Subjects and Methods

Human samples

Frozen unfixed human postmortem brain tissue was obtained from the Harvard Brain Tissue Resource Center (McLean Hospital, Boston, MA, USA), the Neuropathology Core of the Massachusetts Alzheimer Disease Research Center and the Neuropathology Service of the Massachusetts General Hospital (Boston, MA, USA), the German Brain-Net Tissue Bank (Center for Neuropathology and Prion Research, Ludwig-Maximillians University, Munich, Germany), and the Queen Square Brain Bank for Neurological Disorders (University College London, Institute of Neurology, Queen Square, London, UK). Data derived from different brain banks were pooled after determining that controls from all sources showed similar mutation levels. A subset of the D-loop data from controls reported here have been reported previously.15 ILBD was defined by the absence of clinical parkinsonism or dementia but Lewy bodies present in the SN (Braak stage 3).16 Controls had no clinical history or pathologic evidence of neurodegeneration.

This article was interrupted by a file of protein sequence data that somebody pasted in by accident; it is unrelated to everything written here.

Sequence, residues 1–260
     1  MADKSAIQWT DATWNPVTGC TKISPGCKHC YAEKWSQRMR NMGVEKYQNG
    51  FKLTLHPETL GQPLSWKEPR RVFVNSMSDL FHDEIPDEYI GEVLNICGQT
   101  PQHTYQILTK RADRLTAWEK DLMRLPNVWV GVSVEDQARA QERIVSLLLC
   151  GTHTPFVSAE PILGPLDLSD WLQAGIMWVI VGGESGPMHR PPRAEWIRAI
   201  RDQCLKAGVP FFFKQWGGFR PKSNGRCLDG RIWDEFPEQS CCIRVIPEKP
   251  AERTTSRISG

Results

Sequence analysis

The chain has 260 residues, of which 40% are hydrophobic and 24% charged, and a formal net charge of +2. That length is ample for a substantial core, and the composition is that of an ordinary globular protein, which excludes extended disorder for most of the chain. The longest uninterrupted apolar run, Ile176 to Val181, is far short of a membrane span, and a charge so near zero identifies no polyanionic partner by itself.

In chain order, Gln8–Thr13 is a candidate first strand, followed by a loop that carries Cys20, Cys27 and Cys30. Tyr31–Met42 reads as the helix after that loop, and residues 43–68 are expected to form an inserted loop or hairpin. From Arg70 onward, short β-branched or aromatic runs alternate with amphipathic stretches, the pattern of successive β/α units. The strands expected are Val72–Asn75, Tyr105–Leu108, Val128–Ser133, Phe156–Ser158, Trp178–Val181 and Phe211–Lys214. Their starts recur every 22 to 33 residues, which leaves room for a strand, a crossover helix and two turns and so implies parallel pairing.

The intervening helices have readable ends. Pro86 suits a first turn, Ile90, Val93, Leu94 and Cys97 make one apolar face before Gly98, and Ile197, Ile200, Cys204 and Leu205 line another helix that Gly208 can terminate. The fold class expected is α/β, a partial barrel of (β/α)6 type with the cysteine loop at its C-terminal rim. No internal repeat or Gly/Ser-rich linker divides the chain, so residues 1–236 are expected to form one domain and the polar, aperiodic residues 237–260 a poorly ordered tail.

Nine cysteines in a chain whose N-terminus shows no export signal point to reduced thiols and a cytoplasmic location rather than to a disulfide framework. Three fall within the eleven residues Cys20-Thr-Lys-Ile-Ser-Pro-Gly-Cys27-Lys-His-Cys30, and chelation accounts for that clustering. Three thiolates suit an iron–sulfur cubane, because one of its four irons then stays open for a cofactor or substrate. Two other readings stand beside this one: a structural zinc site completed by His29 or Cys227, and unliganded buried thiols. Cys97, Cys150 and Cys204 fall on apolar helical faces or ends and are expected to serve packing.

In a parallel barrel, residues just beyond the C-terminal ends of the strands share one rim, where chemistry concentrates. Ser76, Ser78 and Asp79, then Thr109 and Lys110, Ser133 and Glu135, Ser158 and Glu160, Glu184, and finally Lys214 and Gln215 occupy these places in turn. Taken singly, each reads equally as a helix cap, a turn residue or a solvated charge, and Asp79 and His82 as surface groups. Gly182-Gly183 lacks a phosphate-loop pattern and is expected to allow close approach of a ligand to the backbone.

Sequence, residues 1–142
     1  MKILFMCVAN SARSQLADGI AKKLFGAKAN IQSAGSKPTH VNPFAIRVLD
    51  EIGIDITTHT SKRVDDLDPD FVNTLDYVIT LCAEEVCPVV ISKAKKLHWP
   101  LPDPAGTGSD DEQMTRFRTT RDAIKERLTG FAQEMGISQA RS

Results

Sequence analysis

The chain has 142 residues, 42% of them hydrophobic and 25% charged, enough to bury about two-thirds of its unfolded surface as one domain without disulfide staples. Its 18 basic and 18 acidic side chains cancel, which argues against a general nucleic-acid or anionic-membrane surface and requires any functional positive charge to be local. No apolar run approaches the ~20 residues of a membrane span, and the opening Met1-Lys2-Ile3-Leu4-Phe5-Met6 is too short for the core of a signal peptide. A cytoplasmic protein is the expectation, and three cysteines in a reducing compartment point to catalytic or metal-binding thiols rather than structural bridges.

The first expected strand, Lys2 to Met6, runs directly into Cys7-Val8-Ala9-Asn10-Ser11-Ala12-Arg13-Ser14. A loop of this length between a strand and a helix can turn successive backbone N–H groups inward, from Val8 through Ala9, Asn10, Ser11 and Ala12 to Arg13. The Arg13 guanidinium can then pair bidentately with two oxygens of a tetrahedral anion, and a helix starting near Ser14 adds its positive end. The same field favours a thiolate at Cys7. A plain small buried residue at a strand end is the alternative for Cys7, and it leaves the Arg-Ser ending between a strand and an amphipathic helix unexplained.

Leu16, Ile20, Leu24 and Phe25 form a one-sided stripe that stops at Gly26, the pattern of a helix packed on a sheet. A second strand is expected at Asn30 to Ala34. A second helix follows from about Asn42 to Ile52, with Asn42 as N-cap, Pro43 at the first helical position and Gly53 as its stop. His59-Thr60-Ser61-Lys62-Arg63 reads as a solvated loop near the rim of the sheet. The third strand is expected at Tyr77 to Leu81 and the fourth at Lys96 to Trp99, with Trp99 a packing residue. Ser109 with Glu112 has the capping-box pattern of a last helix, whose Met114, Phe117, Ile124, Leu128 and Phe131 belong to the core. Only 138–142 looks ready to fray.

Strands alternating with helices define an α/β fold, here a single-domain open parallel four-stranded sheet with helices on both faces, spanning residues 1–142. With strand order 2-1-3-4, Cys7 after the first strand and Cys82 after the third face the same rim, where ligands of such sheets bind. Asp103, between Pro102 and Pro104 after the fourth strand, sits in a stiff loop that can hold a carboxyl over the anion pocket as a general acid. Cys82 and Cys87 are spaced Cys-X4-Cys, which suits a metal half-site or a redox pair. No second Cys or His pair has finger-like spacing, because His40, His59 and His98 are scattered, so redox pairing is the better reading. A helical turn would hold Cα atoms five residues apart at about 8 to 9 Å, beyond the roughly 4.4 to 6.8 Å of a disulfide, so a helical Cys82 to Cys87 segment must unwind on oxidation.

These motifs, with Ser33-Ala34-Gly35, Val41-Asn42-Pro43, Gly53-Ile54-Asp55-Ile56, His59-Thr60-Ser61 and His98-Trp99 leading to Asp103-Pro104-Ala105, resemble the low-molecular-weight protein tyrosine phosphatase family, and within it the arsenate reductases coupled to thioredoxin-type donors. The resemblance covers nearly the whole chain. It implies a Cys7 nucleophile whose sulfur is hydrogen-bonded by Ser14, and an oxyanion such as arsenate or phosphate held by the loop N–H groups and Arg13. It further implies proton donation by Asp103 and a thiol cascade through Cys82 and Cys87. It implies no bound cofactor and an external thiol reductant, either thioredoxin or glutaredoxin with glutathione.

Laser capture microdissection

The Arcturus PixCell II LCM system (Mountain View, CA) was used to isolate single SN neurons from 8-12 μm unfixed frozen methylene blue stained cryostat sections. SN pars compacta neurons were identified based on larger size, morphology, presence of a nucleolus, and neuromelanin pigment. Glia were identified by smaller size, morphology, and lack of a nucleolus. Single cells or groups of cells were isolated on a high efficiency thermoplastic ethylene vinyl acetate (EVA) transfer cap, and DNA was extracted as previously described15 by exposure overnight to an extraction solution containing proteinase K. The proteinase K was then inactivated by incubating the sample at 95 C for 10 minutes. For single cell studies, this 10 μL solution was used directly as template in PCR reactions, thereby minimizing DNA loss or contamination risk that might occur with further purification steps.

Mutation analyses